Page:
These verses have in them some hard-to-swallow words. They are part of what threw me when I was a young believer. But, the longer I have lived with the Lord the more corrupting I have seen how sin can be in my own life. I have come to the place where I want no property left in me belonging to the devil. You can come to this place too. If he has legal right to one little corner, he will maintain that hold right there till the end. He intends to call in the seducing spirits associated with him to possess that corner—and more. God is calling us to leave him no room at all.
The fact is this: the closer we draw to the Lord Jesus, the more repulsive sin—any sin—becomes to us. We realize that Jesus went to the Cross with the heavy burden of our sins upon Him. That means every sin of every person who ever lived, or will live. The greater our love for Him, the greater will be our hatred for sin. It ceases to be: “Can I get by with just a little sin?” Instead, it becomes, “Let me get rid of everything that could cause Him grief.”
The latter part of verse 8 lays out our hope as far as sin is concerned. John said, 8bFor this purpose the Son of God was manifested, that He might destroy the works of the devil. As I looked at this verse in the Greek, I discovered in it the first word I ever learned in Greek vocabulary. It’s the word translated destroy. It comes from the Greek word luo, which means, “to loose.” This did not make any sense to me. How could God’s Word be saying the Son of God was manifested to “loose” the works of the devil?
I couldn’t grasp that. But, after a little study I came to understand that the word luo means, “to loose” in the sense of “undoing.” As I mused on that understanding, it came through with a meaning that took hold of my heart. “For this purpose the Son of God was manifested, that He might undo the works of the devil.” This brought a picture to my mind.
Years ago I had a grandmother who went to be with the Lord when I was a little five-year old boy. She’s the one who used to pray for me as she rocked me when I was a baby. I remember one day when I was about four years old, she asked me to hold in both my hands a skein of knitting yarn so she could wind it into a ball. She said to me, “Now, Sonny, don’t drop that or I’ll never be able to undo it.”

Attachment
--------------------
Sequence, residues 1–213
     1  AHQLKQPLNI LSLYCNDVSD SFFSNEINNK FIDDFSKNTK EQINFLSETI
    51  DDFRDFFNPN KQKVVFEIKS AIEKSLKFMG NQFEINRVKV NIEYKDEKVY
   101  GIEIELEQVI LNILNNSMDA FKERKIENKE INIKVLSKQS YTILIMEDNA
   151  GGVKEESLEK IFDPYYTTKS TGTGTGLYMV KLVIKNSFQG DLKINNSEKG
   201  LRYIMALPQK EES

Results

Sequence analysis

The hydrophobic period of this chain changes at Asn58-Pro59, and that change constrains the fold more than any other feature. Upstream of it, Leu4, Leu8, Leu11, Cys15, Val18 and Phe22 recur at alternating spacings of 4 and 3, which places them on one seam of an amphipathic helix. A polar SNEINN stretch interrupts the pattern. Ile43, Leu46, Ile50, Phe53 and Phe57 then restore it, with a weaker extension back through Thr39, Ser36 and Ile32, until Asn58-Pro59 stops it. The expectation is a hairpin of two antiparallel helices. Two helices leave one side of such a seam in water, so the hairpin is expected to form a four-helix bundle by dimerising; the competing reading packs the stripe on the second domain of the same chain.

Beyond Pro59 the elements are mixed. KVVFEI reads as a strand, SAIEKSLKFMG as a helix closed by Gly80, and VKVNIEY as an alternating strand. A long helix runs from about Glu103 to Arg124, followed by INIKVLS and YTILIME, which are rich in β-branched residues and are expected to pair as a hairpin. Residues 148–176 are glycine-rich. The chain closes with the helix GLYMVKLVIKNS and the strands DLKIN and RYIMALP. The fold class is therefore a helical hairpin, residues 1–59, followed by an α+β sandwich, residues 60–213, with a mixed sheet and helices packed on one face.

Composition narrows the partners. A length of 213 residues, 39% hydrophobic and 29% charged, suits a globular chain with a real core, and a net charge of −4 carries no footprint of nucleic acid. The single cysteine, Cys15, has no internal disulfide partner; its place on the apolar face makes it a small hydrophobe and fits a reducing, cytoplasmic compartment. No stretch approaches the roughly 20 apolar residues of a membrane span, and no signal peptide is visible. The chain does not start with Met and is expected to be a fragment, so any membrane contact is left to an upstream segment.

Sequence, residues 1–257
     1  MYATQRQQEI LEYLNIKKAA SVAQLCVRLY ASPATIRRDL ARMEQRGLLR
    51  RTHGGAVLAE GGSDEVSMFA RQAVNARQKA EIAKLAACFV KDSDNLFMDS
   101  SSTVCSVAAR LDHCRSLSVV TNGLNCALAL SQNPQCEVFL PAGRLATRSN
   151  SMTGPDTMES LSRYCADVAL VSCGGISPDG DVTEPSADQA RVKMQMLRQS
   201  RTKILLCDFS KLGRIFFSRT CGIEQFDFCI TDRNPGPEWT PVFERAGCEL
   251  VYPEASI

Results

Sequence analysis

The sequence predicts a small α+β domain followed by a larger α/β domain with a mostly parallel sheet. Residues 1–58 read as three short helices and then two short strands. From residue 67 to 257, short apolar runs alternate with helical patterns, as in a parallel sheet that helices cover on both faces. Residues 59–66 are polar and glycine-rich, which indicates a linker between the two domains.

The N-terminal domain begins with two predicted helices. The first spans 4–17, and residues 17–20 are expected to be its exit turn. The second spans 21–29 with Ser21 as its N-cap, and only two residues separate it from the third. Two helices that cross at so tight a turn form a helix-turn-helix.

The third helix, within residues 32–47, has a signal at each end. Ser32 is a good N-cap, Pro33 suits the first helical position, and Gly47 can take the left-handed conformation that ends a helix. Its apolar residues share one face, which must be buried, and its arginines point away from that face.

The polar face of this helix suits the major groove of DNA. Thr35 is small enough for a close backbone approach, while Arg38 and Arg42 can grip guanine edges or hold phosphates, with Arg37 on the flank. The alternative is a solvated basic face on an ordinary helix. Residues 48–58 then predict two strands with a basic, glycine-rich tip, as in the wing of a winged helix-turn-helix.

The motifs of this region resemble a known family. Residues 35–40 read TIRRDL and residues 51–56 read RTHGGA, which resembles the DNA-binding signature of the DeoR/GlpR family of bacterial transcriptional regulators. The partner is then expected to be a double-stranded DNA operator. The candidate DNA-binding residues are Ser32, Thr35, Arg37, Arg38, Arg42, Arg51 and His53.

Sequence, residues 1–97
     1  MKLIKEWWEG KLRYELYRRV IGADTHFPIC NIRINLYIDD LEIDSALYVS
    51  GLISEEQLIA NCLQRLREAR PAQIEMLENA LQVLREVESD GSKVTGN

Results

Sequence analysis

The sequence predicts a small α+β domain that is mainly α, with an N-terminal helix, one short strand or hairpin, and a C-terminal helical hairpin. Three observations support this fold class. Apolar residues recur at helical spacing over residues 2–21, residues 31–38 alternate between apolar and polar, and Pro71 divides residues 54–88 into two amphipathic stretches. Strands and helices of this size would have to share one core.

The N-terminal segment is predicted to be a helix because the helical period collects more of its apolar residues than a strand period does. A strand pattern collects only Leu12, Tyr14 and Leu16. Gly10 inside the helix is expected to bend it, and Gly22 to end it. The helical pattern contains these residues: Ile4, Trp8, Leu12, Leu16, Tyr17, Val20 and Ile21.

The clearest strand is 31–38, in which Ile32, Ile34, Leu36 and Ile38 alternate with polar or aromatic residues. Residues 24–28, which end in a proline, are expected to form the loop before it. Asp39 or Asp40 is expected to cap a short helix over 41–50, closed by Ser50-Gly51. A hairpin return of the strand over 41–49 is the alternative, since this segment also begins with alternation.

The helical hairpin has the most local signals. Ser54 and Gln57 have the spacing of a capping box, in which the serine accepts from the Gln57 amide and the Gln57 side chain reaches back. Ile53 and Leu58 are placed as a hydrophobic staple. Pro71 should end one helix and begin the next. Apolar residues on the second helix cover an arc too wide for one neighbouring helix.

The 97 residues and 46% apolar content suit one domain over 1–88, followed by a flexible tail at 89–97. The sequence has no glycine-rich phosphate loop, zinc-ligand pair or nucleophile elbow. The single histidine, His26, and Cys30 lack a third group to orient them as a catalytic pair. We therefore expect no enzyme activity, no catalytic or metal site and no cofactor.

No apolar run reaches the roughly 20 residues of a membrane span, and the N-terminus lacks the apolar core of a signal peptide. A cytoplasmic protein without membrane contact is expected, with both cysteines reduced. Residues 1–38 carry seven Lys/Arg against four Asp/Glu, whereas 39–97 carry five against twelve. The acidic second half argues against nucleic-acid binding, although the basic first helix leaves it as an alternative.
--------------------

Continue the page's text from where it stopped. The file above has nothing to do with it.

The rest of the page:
For years I carried in my mind the picture of that yarn dropped on the floor in a hopeless tangle that she could never undo. When I discovered the meaning of the word translated destroy in I John 3:8, that picture came back to my mind. I could imagine a tangled mess into which some person’s life had fallen. Many, oh, so many, lives are a tangled mess. Only the Lord Jesus can “undo” the mess anyone of us has gotten ourselves into. That is the reason He was manifested. I’m so glad I found that out! You can find out the same thing for your mess.
Oh, but there’s more! See what awaits us in the next verse. 9Whosoever is born of God doth not commit sin; for His seed remaineth in him: and he cannot sin, because he is born of God.
In this brief section of I John 3 we’ve seen little more than an introduction to one of the most important revelations for the last hour. We are beginning to learn about a love that will prevail in behalf of those who have been born into God’s end-time family. In this time, so close to the brim of eternity, His children will be known by the holiness and love in their lives, while the children of the devil will be known by their sinfulness and hatred.
An increasing contrast will evolve as we become more and more aware that he who hateth his brother is a murderer. In contrast, we shall discover that as Christ laid down his life for us, we may be called to lay down our lives for our fellow believers. Love will be known in our actions, not in our words only.
It is understood that we cannot cover so profound a revelation in so short an article, but we are gaining an introduction. I trust that the problem confronting me as a young believer will become resolved in you. Every serious believer will at some time face the issue of his, or her, own sinfulness. Paul faced his. He discovered the resolution of his sinfulness came about through Jesus Christ our Lord (Rom 7:24,25).
Not long after I discovered the meaning of what John said in I John 3—those words bringing distress to my heart about my salvation—I discovered the following verse near the end of I John. It brought me more comfort and light. It has continued through over half a century to draw me on in a continuing quest for the Truth that comes from the Word of God.